When to Eat for Lower Blood Pressure—A Potential New Year’s Resolution

This probably isn’t the best time of the year to tell you this: but these Holiday evening feasts are not doing any good for blood pressure, cholesterol levels, or other indicators of heart health.

A new study is adding to a growing list of research that suggests when, not just what, you eat can influence health.

The findings were recently presented at the American Heart Association’s Scientific Sessions meeting, and researchers showed that people who ate the bulk of their calories after 6 p.m. had higher blood pressure and cholesterol. This compounds the dangers of eating later in the day, which is also associated with higher insulin and fasting blood sugar levels.

It’s not necessarily the food that causes these problems, either. Instead, your body has a natural “work schedule”—called the circadian rhythm—that your digestive system, cells, and the organs in your metabolism follow. These various components start to shut down in the evening and, quite frankly, are not in the mood to work and don’t do an optimal job. The result is inflammation, higher blood pressure, elevated cholesterol, and weakened glucose metabolism.

For the few weeks of holiday parties and holiday feasts, the evening influx of calories may not make that much of a difference in these overall health markers. But doing it regularly will. Which means a useful New Year’s Resolution might be to line up your eating times a little better with circadian rhythm.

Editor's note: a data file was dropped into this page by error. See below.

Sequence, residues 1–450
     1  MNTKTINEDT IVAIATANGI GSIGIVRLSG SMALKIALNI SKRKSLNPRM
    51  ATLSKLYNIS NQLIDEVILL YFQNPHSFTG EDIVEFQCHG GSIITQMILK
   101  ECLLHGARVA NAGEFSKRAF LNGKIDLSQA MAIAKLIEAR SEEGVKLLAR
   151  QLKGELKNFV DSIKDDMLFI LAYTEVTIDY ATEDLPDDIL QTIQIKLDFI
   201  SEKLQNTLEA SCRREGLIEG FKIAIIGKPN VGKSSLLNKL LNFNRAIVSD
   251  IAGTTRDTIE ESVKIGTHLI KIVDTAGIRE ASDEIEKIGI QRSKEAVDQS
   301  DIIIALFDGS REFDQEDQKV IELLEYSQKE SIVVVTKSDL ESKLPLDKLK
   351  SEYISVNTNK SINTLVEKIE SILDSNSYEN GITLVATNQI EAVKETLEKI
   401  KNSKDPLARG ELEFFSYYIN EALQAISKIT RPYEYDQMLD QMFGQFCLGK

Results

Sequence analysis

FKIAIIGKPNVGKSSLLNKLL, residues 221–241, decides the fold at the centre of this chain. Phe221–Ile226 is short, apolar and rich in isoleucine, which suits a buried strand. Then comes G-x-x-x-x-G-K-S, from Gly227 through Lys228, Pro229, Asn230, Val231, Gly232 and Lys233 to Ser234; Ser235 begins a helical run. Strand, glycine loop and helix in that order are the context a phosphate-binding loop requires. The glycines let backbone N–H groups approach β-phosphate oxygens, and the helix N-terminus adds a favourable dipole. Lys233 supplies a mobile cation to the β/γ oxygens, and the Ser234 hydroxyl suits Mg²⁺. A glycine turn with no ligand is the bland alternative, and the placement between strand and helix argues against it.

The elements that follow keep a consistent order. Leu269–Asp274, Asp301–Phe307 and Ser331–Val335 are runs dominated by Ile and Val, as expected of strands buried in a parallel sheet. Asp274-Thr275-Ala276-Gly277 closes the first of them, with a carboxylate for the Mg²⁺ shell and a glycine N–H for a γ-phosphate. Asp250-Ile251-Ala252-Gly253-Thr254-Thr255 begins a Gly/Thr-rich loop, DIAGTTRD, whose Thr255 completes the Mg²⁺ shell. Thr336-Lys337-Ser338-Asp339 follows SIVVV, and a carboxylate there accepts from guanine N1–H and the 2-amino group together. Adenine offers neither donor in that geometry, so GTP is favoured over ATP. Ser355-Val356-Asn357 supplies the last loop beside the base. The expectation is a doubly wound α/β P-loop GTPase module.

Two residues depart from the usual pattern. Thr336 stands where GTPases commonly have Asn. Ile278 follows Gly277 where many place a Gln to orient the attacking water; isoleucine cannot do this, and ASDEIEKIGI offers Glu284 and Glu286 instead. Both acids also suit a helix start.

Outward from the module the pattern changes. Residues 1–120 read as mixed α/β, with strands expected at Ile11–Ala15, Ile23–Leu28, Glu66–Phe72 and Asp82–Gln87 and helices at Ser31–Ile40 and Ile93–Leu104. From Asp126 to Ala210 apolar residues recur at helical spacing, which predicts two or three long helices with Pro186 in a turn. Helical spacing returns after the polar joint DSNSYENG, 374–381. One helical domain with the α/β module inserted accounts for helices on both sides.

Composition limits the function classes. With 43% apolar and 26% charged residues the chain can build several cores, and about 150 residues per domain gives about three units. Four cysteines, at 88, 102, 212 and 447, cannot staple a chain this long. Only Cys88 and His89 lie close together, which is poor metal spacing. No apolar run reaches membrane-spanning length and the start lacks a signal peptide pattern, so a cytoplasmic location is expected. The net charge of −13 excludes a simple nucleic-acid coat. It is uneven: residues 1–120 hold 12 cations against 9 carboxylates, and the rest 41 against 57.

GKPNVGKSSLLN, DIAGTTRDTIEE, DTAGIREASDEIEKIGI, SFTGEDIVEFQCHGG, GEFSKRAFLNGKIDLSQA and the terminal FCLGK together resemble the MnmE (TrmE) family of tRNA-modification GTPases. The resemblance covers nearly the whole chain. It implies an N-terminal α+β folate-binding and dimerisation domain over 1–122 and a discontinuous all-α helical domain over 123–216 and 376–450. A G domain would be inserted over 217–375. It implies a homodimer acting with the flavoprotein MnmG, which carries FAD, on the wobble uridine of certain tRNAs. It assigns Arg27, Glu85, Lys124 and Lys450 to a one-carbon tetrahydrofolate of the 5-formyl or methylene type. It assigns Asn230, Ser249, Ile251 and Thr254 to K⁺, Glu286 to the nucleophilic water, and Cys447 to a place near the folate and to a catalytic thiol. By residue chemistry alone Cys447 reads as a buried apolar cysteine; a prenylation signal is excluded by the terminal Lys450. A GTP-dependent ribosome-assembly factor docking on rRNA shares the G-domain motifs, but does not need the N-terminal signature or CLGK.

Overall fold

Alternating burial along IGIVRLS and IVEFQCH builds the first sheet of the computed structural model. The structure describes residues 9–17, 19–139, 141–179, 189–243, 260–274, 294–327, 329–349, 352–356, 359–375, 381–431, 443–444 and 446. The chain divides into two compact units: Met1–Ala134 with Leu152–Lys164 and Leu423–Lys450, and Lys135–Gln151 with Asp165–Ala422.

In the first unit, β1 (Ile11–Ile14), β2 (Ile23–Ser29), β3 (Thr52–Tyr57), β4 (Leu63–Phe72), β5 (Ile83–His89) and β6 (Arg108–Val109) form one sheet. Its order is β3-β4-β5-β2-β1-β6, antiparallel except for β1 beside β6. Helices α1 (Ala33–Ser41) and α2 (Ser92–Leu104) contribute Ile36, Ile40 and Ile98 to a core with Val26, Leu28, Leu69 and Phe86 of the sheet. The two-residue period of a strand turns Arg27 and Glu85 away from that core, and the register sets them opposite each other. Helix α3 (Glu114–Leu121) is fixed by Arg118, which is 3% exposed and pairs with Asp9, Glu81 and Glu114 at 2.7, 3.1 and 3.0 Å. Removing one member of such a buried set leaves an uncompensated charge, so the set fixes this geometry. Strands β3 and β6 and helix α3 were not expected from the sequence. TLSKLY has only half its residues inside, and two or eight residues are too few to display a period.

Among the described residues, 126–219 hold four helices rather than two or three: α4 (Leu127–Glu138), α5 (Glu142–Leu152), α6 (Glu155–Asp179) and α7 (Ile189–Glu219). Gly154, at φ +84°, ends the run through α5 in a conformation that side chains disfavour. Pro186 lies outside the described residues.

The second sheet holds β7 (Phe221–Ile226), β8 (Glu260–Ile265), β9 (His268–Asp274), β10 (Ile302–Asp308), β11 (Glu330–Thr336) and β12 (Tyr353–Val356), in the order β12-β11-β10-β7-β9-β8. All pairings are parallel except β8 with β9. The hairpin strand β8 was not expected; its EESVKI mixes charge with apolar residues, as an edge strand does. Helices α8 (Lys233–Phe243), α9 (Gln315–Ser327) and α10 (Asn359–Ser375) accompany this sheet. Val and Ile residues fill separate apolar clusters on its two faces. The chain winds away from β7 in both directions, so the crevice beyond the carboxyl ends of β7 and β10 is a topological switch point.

This means focusing your big meals earlier in the day—breakfast and lunch—then eating smaller, lighter, easily digestible meals in the evening. Salads, eggs, vegetables, and fruit is likely the best when you’re considering evening eating.

So, enjoy this season while it lasts. In the New Year, get serious about inflammation, heart health, and diabetes risk by eating according to your body’s natural cycles.


Author Bio

Mohan Garikiparithi got his degree in medicine from Osmania University (University of Health Sciences). He practiced clinical medicine for over a decade before he shifted his focus to the field of health communications. During his active practice he served as the head of the Dept. of Microbiology in a diagnostic centre in India. On a three-year communications program in Germany, Mohan developed a keen interest in German Medicine (Homoeopathy), and other alternative systems of medicine. He now advocates treating different medical conditions without the use of traditional drugs. An ardent squash player, Mohan believes in the importance of fitness and wellness.

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https://www.ahajournals.org/doi/10.1161/circ.138.suppl_1.11503
https://newsroom.heart.org/news/evening-eating-linked-to-poorer-heart-health-for-women?preview=d070

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